So how does WHITE smell?
Well, I have tried it three times now on consecutive days, with pretty consistent results, though I might get more or less of the floral notes poking through, like spring bulbs in our flowerbed analogy. My overriding sensation, however, is of a seamlessly blended nutty, woody, slightly peppery?, tonka-centric gourmand scent. The tonka itself has those characteristic overtones of coumarin and hay as well as vanilla, which lend it a slightly sterner, drier, more offbeat facet - possibly buttressed by the vetiver. Now I don't know what the scent of a daisy is exactly, but I imagine it might also be a bit austere and vegetal, so in that regard it is a fitting emblem to represent this scent, not least because of its teaming of these two signature colours within its own flower.
Then texturally - you know how big I am on texture ;) - WHITE is muzzy and musky - and warm in very much the style, if not the scent, of Puredistance 1. By the same token it is also quite tenacious. WHITE is 'thickish' and opaque rather than sheer, and although I did spot the odd appearance of iris, I can't say I detect rose at any stage. I should mention that my nose / skin tends to amplify anything on the tonka-heliotrope spectrum, and I see tonka as a halfway house towards heliotrope, although I may be completely wrong there. For me, tonka and heliotrope both hover around that vaguely almondy, milky foody territory, with just a hint of a bitter or anisic twist.
In terms of any other perfumes WHITE resembles, the only one that sprang to mind was PG Tonkamande, though it is a while since I sniffed that, and there is only partial crossover, notewise. On my skin, WHITE is so tonka-forward, at least initially, that it sets itself apart in that way. So overall I would say that I like WHITE quite a lot; it does fit the brief of being warming and comforting in these troubled times. I particularly like its quieter phase about 1-2 hours in, when the coumarin-y aspect of the tonka has settled down, and the composition becomes a little sweeter and more floral (more the iris than the rose, in fairness). The feel of the scent on skin is also more silken and smooth than at the outset. This is when WHITE truly slips into its lazy, hazy, dreamy phase. And after my unexpected bonding with the later stages of MAAI, readers will not be surprised to hear that I am well up to a bit of waiting now when it comes to a perfume's development. ;) I can see myself progressively warming to WHITE, indeed. I would say that it is not an obvious perfume, but strikes me rather as something of a grower.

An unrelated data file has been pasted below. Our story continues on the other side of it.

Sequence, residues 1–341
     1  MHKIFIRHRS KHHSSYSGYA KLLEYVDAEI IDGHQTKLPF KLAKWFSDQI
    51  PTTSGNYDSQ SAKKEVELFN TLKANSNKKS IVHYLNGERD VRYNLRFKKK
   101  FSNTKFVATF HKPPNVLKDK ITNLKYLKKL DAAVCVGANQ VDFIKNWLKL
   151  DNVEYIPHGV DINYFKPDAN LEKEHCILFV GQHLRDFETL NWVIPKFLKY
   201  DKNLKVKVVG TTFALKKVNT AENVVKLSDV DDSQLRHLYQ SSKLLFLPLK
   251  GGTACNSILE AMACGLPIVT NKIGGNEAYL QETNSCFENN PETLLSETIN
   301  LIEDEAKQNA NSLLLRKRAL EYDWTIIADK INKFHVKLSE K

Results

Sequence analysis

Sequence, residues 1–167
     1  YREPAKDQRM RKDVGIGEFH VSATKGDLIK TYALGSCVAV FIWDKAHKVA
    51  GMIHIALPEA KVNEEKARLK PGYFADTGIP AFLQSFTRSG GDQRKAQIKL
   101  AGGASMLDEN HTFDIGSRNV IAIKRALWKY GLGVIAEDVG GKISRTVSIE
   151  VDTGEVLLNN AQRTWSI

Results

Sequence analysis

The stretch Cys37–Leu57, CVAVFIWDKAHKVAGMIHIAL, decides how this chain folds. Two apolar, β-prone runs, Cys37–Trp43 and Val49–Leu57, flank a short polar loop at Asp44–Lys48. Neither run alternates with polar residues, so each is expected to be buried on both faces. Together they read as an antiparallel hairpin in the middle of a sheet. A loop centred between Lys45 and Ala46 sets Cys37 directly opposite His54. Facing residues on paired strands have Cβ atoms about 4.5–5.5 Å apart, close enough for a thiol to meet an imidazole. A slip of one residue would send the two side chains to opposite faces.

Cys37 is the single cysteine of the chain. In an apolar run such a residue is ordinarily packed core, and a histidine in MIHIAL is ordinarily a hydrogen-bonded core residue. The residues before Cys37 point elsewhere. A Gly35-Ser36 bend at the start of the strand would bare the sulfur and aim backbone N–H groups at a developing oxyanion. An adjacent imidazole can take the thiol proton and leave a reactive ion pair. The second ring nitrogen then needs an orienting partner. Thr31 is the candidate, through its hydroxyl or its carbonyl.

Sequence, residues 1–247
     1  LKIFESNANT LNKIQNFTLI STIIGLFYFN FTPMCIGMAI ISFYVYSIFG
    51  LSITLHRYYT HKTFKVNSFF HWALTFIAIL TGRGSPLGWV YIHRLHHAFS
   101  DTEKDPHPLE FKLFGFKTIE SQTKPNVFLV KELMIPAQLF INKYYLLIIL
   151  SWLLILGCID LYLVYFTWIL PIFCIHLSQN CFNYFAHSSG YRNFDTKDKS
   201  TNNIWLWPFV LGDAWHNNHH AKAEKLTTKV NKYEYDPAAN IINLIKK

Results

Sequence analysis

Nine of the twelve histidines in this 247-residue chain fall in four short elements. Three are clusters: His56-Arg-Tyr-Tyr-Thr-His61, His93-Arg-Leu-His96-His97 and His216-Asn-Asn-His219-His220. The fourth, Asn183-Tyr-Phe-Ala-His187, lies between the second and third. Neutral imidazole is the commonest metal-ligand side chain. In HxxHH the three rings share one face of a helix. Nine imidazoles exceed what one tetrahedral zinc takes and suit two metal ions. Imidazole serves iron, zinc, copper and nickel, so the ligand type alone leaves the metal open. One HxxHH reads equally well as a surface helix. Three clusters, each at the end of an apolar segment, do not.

In the Puredistance literature, I note that the people on whom WHITE was tested 'immediately started to smile and then started to smell again, telling us WHITE filled them with happiness.' I would imagine they must be bigger fans of tonka bean than me. For that reason, I doubt that I will ever feel mad love for WHITE in its entirety, as I am not that keen on tonka bean when it's centre stage like this, and I think you really have to be to fully appreciate WHITE. But props to Puredistance for going a rather unconventional route with this latest release, nailing their white and yellow colours to the tonka mast!
Then on a whim, I googled the origin of 'Honky-tonk blues' which inspired the first part of my title. I knew it was a song, but didn't know what about. I learnt that 'honky-tonk' refers to both a style of country music and the rather rickety bars in which it was performed. 'Honky' on its own, meanwhile, appears to have been a pejorative nickname used for white people, possibly originating in Chicago's meatpacking plants. Well, we'll draw a veil over this nugget of info, as that way lies more gloom and negativity(!), except to say...how curious that 'honky' should mean white. And of course WHITE is designed to drive away the blues, by suffusing the world in white and yellow. Of which it does a pretty good job, I'd say, all things considered.
|Not the right yellow, but still ~ Source: ratemymusic.com|
PS A props credit is due to Victoria Frolova of Boisdejasmin, who gave me the tonka beans when I visited Brussels in 2012. I knew they would come in handy one day!
|My equally colour-coordinated bedroom wool stash!|